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J Bone Joint Surg Am. 1994 Aug;76(8):1137-48.

Revision total hip arthroplasty with the BIAS (Biologic Ingrowth Anatomic System) femoral component. Three to six-year results.

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1
Division of Orthopaedic Surgery, University of North Carolina School of Medicine, Chapel Hill 27599-7055.

Abstract

The BIAS femoral component was used for most of the revision total hip arthroplasties performed during a four-year period by one surgeon. Forty-one BIAS femoral components were implanted in thirty-nine patients and were followed prospectively for a mean of five years (range, three to six years). The mean age of the patients was fifty-seven years. Twenty-eight (68 percent) of the femora were classified preoperatively as having severe loss of bone distal to the intertrochanteric line. Cancellous autogenous graft from the iliac crest or fresh-frozen cancellous allograft was used in all hips to fill the proximal defects. Weight-bearing was delayed for three months after the operation. Clinical and radiographic evaluation was performed with the use of accepted criteria. The mean preoperative Harris hip score was 36 points (range, 0 to 71 points) and improved postoperatively to 85 points (range, 53 to 100 points). Thirty-two (78 percent) of the hips had a good or excellent result at the most recent follow-up examination. Thirty-six patients (thirty-eight hips [93 percent]) had no or slight pain, and twenty-nine patients (thirty hips [73 percent]) walked with a slight or no limp. There was an association between one or more previous revisions of the femoral component and an increased prevalence of pain in the thigh or hip (p < 0.009). Radiographic analysis showed that thirteen components (32 percent) subsided, but eleven of them stabilized and subsidence was not associated with less satisfactory clinical results. The hip scores were not notably lower in this group. No component was revised, and no patient had clinical symptoms for which revision was indicated at the most recent examination. Revision total hip arthroplasty with use of this implant, which has a partial proximal porous coating and which is inserted without cement, provided similar clinical results but inferior fixation, as seen on radiographs, compared with reported revisions in which components were implanted with modern cementing techniques. However, the apparent reconstitution of femoral bone structure in areas of previous osteolysis or cortical thinning is encouraging. The senior one of us no longer routinely uses this specific implant for revision arthroplasty done without cement, but does use a similar, revised version of the prosthesis.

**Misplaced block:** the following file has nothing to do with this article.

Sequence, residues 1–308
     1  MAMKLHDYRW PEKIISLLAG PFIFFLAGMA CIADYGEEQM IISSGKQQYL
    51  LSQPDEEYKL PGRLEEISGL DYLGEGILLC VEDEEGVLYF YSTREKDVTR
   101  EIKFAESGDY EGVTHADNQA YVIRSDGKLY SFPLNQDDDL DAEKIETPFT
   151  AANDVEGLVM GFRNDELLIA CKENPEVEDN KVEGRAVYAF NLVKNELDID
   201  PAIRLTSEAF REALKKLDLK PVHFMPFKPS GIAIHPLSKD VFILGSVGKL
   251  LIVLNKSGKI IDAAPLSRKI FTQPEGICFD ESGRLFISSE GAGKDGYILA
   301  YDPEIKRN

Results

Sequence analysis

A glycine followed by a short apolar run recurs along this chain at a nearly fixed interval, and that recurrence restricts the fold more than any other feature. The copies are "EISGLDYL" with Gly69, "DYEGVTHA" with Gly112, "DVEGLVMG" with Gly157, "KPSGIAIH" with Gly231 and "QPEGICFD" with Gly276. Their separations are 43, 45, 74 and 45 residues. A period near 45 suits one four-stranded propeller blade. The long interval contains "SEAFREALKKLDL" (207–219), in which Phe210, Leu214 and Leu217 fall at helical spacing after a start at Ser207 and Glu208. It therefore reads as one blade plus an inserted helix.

[Indexed for MEDLINE]

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